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HomeNewsArchivesBlue Flags to Soon Fly Over 4 V.I. Beaches

Blue Flags to Soon Fly Over 4 V.I. Beaches

Lindbergh Bay on St. Thomas is one of four beaches across the territory to earn the international Blue Flag certification.Travelers will soon have another reason to flock to four of the territory’s best beaches: a blowing blue flag that attests to their safe water, clean sand and educational role in the community.

Representatives from the V.I. Hotel and Tourism Association, V.I. Conservation Society and various government agencies gathered Wednesday at Emerald Beach Resort to announce that four local beaches have earned Blue Flag certification from the Foundation for Environmental Education. They include Lindbergh Bay/Emerald Beach and Great Bay on St. Thomas, Trunk Bay on St. John and Pelican Cove on St. Croix.

Based in Denmark, the Foundation for Environmental Education is a nonprofit organization that promotes sustainable development through environmental education. To qualify for the Foundation’s Blue Flag, beaches and marinas must comply with 32 criteria in areas including environmental education, water quality and safety. More than 3,500 beaches in 41 countries have earned the designation.

Those who worked on getting the four territory beaches certified said it was an often painstaking, two-year-long process.

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Or five years in the case of the project’s lead proponent, Coral World Marketing Director Valerie Peters. Peters said she started researching the certification program about five years ago, and that it was only in the last two years that other partners – such as the V.I. Tourism Department, Hovensa and the V.I. Department of Planning and Natural Resources – got involved and helped move the project toward success.

“I want to encourage people that we can do it ourselves,” Peters said of the locally led effort. “We don’t need to go to the outside.”

The V.I. Conservation society will now manage the local Blue Flag program, with help from other partners. Christine Settar, marine stewardship coordinator of the University of the Virgin Island’s Sea Grant program, said that to keep the Blue Flags the Society will have to offer educational activities at the beaches. In Settar’s opinion, this will be a very good thing.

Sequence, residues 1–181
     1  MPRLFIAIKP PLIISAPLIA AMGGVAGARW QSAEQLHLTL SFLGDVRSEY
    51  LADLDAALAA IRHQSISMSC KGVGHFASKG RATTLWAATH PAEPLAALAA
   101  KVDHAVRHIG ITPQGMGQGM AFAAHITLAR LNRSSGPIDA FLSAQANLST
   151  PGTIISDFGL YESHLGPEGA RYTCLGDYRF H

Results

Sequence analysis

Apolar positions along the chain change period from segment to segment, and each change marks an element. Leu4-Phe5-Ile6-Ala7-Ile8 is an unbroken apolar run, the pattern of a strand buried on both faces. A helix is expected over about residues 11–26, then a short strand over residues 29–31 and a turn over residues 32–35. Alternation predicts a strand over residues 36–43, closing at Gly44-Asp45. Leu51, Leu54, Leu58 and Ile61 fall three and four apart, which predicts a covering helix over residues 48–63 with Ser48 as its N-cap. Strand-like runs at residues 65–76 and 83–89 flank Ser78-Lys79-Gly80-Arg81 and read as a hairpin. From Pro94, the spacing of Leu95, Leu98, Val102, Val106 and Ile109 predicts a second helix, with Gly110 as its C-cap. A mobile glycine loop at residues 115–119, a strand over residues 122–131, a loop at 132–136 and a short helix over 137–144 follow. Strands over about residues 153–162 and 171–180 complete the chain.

“Just getting people outside – that’s a huge part of education that’s lacking in the Virgin Islands,” Settar said.

Eddie Donoghue, 74, said he has defended Lindbergh Bay from numerous environmental threats over the years. With the Blue Flag certification, he finally feels his favorite beach is safe.

“I never thought that it would happen,” Donoghue said.

The flags will be officially raised on all four beaches on Thursday, Dec. 1. The project’s next phase will include certifying marinas and hotels. For additional information, visit www.blueflagusvi.org.

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Lindbergh Bay on St. Thomas is one of four beaches across the territory to earn the international Blue Flag certification.Travelers will soon have another reason to flock to four of the territory's best beaches: a blowing blue flag that attests to their safe water, clean sand and educational role in the community.

Representatives from the V.I. Hotel and Tourism Association, V.I. Conservation Society and various government agencies gathered Wednesday at Emerald Beach Resort to announce that four local beaches have earned Blue Flag certification from the Foundation for Environmental Education. They include Lindbergh Bay/Emerald Beach and Great Bay on St. Thomas, Trunk Bay on St. John and Pelican Cove on St. Croix.

Based in Denmark, the Foundation for Environmental Education is a nonprofit organization that promotes sustainable development through environmental education. To qualify for the Foundation's Blue Flag, beaches and marinas must comply with 32 criteria in areas including environmental education, water quality and safety. More than 3,500 beaches in 41 countries have earned the designation.

Those who worked on getting the four territory beaches certified said it was an often painstaking, two-year-long process.

Or five years in the case of the project's lead proponent, Coral World Marketing Director Valerie Peters. Peters said she started researching the certification program about five years ago, and that it was only in the last two years that other partners – such as the V.I. Tourism Department, Hovensa and the V.I. Department of Planning and Natural Resources – got involved and helped move the project toward success.

“I want to encourage people that we can do it ourselves,” Peters said of the locally led effort. “We don't need to go to the outside.”

The V.I. Conservation society will now manage the local Blue Flag program, with help from other partners. Christine Settar, marine stewardship coordinator of the University of the Virgin Island's Sea Grant program, said that to keep the Blue Flags the Society will have to offer educational activities at the beaches. In Settar's opinion, this will be a very good thing.

“Just getting people outside – that's a huge part of education that's lacking in the Virgin Islands,” Settar said.

Eddie Donoghue, 74, said he has defended Lindbergh Bay from numerous environmental threats over the years. With the Blue Flag certification, he finally feels his favorite beach is safe.

“I never thought that it would happen,” Donoghue said.

The flags will be officially raised on all four beaches on Thursday, Dec. 1. The project's next phase will include certifying marinas and hotels. For additional information, visit www.blueflagusvi.org.